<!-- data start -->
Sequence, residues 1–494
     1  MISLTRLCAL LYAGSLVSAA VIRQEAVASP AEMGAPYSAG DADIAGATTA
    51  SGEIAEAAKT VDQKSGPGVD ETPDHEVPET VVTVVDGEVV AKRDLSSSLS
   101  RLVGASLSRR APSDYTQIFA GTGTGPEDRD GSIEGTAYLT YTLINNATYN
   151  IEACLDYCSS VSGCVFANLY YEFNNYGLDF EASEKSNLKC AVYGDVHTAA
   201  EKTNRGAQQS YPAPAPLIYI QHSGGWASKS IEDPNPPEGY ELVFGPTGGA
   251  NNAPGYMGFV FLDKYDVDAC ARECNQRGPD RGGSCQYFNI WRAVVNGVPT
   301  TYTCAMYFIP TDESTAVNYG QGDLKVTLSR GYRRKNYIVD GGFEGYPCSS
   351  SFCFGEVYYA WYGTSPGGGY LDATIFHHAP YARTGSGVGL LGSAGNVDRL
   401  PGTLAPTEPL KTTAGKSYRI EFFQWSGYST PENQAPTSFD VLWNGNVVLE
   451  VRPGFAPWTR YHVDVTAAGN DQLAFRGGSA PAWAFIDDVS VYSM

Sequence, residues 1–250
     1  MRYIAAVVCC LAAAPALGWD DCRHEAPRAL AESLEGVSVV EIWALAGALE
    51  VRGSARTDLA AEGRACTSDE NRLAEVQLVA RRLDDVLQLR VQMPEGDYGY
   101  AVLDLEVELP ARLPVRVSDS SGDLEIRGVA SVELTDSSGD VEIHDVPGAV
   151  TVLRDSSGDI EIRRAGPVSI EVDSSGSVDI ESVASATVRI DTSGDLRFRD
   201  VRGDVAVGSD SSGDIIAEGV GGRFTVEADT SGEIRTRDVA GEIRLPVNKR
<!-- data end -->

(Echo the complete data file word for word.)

Sequence, residues 1–494
     1  MISLTRLCAL LYAGSLVSAA VIRQEAVASP AEMGAPYSAG DADIAGATTA
    51  SGEIAEAAKT VDQKSGPGVD ETPDHEVPET VVTVVDGEVV AKRDLSSSLS
   101  RLVGASLSRR APSDYTQIFA GTGTGPEDRD GSIEGTAYLT YTLINNATYN
   151  IEACLDYCSS VSGCVFANLY YEFNNYGLDF EASEKSNLKC AVYGDVHTAA
   201  EKTNRGAQQS YPAPAPLIYI QHSGGWASKS IEDPNPPEGY ELVFGPTGGA
   251  NNAPGYMGFV FLDKYDVDAC ARECNQRGPD RGGSCQYFNI WRAVVNGVPT
   301  TYTCAMYFIP TDESTAVNYG QGDLKVTLSR GYRRKNYIVD GGFEGYPCSS
   351  SFCFGEVYYA WYGTSPGGGY LDATIFHHAP YARTGSGVGL LGSAGNVDRL
   401  PGTLAPTEPL KTTAGKSYRI EFFQWSGYST PENQAPTSFD VLWNGNVVLE
   451  VRPGFAPWTR YHVDVTAAGN DQLAFRGGSA PAWAFIDDVS VYSM

Sequence, residues 1–250
     1  MRYIAAVVCC LAAAPALGWD DCRHEAPRAL AESLEGVSVV EIWALAGALE
    51  VRGSARTDLA AEGRACTSDE NRLAEVQLVA RRLDDVLQLR VQMPEGDYGY
   101  AVLDLEVELP ARLPVRVSDS SGDLEIRGVA SVELTDSSGD VEIHDVPGAV
   151  TVLRDSSGDI EIRRAGPVSI EVDSSGSVDI ESVASATVRI DTSGDLRFRD
   201  VRGDVAVGSD SSGDIIAEGV GGRFTVEADT SGEIRTRDVA GEIRLPVNKR